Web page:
Venus Envy

It’s due time I get out of the 20th century on this blog, artwise at least. Matisse and Rodin and Picasso and Dali and that whole gang have been running the show for many posts now. But the Renaissance is calling, haunting me in my sleep, harassing me in my dreams, and nagging me to acknowledge the musworthiness of the great Florentine age. Also, the stimulating art history discussions over at The Best Artists blog recently has inspired me to get with the program. So get with the program I will.

Great art by a great artist from a great muse will mark my long overdue foray into the Renaissance. You all know Sandro Botticelli. And you all know his 1482 masterpiece The Birth of Venus. But do you all know the life model for this famous piece? You will now. She was Simonetta Cattaneo de Vespucci, wife of Marco Vespucci (distant cousin of Amerigo Vespucci) and mistress of Guiliano de Medici who was the younger brother of Lorenzo. They called her “La Bella Simonetta”, and I’m jealous already. Considered the most beautiful woman in all of Florence, Simonetta attracted the admiration of every Medici man, Florentine man, and Botticelli himself, who was beyond smitten.

One of Botticelli’s portraits of the lovely Simonetta:

While organizing this post, I learned a couple of things I never knew about The Birth of Venus. One is that it was done in tempera. Nice. Also, because Simonetta died tragically young at the age of 22 – probably from tuberculosis – Botticelli didn’t complete the painting until years after her death. He had to finish it without her – the exquisite muse he adored.

Simonetta Vespucci was very likely the model for Botticelli’s Primavera, and a host of other works. Like I’ve said so many times on this blog, when an artist bonds with a muse and derives powerful inspiration from her, he will use her as his subject over and over again. The old saying about variety being the spice of life, doesn’t apply to artists and their models. For them, the perfect one is preferred over an average many. Never mess with chemistry.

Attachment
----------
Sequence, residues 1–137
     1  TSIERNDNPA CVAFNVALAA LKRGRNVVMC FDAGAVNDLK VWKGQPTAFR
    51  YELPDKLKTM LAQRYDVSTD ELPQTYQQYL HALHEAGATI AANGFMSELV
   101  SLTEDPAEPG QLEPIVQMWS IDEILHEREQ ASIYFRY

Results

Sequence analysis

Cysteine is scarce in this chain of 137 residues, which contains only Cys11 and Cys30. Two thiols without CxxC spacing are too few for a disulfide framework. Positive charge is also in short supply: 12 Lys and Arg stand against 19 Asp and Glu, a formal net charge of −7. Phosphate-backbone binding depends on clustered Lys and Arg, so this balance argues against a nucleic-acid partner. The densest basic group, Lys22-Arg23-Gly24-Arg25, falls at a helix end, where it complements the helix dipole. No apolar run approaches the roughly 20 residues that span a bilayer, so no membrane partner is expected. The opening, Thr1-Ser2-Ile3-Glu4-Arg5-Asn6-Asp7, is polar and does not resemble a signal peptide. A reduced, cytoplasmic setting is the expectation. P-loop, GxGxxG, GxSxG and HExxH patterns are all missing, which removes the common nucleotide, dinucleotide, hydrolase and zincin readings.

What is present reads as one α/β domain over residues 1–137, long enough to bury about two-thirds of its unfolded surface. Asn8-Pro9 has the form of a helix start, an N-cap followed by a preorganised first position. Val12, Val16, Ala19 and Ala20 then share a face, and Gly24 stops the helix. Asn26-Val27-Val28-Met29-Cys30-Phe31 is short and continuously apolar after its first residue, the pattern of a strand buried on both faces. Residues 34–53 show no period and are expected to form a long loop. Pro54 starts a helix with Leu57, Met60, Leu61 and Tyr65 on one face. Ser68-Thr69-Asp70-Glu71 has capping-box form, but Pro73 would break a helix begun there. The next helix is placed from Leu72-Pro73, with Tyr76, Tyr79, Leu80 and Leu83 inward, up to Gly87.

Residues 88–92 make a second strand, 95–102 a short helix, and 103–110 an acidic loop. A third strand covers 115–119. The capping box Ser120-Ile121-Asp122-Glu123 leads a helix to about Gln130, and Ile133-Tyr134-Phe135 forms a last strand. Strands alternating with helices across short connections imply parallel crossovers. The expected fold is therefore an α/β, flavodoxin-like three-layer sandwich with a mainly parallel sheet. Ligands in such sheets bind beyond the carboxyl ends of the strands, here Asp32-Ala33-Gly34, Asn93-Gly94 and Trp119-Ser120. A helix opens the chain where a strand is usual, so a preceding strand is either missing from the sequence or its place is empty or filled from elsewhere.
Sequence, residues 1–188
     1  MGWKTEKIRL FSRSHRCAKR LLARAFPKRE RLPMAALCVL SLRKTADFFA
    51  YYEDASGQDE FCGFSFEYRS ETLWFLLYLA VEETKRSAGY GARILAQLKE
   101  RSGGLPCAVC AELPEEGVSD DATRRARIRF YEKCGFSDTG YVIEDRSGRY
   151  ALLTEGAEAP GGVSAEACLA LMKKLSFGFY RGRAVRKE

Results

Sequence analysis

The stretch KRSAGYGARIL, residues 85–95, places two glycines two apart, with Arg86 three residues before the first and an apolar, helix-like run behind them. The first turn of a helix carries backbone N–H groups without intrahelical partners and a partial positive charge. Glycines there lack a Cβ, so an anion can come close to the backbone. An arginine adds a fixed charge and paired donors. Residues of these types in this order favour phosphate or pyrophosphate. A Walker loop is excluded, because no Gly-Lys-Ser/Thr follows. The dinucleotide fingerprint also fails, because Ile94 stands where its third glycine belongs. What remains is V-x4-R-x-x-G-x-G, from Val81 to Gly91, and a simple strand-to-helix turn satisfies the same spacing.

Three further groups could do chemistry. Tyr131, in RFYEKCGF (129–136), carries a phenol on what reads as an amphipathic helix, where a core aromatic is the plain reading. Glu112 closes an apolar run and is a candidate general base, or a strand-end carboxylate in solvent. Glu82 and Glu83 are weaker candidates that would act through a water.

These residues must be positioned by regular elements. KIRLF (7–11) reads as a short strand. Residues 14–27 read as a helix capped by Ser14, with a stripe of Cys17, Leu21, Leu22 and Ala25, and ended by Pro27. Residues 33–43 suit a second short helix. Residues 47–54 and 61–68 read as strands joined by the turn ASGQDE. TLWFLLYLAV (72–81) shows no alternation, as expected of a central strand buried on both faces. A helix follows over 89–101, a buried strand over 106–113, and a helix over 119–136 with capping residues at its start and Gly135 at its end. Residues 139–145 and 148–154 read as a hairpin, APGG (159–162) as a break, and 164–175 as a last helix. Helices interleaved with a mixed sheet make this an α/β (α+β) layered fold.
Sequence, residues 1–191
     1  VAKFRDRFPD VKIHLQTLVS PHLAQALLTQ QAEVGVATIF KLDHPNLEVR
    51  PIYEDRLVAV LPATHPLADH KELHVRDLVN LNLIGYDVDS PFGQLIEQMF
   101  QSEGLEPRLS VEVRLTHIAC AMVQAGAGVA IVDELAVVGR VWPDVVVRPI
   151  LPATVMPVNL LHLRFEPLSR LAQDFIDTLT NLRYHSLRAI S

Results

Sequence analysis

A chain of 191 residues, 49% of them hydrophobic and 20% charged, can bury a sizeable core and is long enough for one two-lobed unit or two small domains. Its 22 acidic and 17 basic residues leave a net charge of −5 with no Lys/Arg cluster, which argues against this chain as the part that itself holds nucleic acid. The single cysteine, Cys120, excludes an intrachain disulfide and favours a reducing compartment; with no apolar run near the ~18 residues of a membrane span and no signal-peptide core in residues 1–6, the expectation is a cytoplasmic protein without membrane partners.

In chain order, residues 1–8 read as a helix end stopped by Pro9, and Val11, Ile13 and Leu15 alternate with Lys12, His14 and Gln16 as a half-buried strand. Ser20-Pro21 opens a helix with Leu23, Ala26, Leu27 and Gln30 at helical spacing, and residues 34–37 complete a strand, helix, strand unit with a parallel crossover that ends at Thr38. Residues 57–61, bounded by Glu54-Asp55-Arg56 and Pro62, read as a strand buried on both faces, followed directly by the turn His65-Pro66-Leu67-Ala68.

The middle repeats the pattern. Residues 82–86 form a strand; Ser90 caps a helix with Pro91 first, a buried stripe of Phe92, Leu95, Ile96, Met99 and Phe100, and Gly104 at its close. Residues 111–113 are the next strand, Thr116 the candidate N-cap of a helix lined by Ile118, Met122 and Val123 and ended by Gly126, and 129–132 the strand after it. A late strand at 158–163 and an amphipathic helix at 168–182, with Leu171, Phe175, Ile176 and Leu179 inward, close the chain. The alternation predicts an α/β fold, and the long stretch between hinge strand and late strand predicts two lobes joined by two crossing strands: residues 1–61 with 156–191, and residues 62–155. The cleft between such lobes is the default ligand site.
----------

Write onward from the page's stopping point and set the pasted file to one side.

In an era when Catholic themes dominated the major works of art, Venus is markedly pagan. It’s miraculous that the painting escaped the wrath of Savonarola, the zealous, fanatical Dominican priest who initiated book burnings and the destruction of all art he deemed sinful and sacrilegious. Here she is, the goddess Venus emerging from the sea, with the revered, idealized image of Simonetta front and center:

3 thoughts on “Venus Envy

  1. Sheramy says:

    Botticelli and Simonetta Vespucci are both buried in the church of the Ognissanti in Florence. Legend says he specifically asked to be buried there to be near her. *sniffle*

    The Birth of Venus is one of those artworks that even though it’s ridiculously famous, it still knocks your socks off in person. (Unlike, I’m sorry to say, Mona Lisa.)

  2. artmodel says:

    Sheramy,

    Yes, I read that about Ognissanti, that Botticelli requested to be buried there by Simonetta. It’s so romantic! Even in death, the artist can’t leave his muse.

    It’s been many years since I was in Florence, but you’re right about the Birth of Venus being so impressive in person. It’s an incredible sight. And my viewing of the Mona Lisa, by the way, was rather underwhelming, mostly because the crowd gathered in front of it was maybe ten tourists deep! I could hardly get close to it. Disappointing.

    Thanks for your comments!

    Claudia

  3. Sheramy says:

    It’s funny, anybody I’ve talked to who has seen Mona Lisa in person says they were somehow let-down by the experience, either by the crowds, not being able to see well, or just being underwhelmed by the work itself. It’s fascinating to me how certain pieces become “icons” and still live up to it (I’d add David to that list!) and some just don’t.

    I enjoyed your Jeanne H. post also. The film with Andy Garcia is a little hokey (sometimes he sounds kind of Italian, sometimes he sounds like he oughta be driving a Brooklyn cab) and not enormously accurate, but I liked it ok. The music alone is worth the watch. The gal who plays Jeanne played one of van Gogh’s lady-friends in the French film “Van Gogh” from the early 90s.

    Cheers, Sheramy

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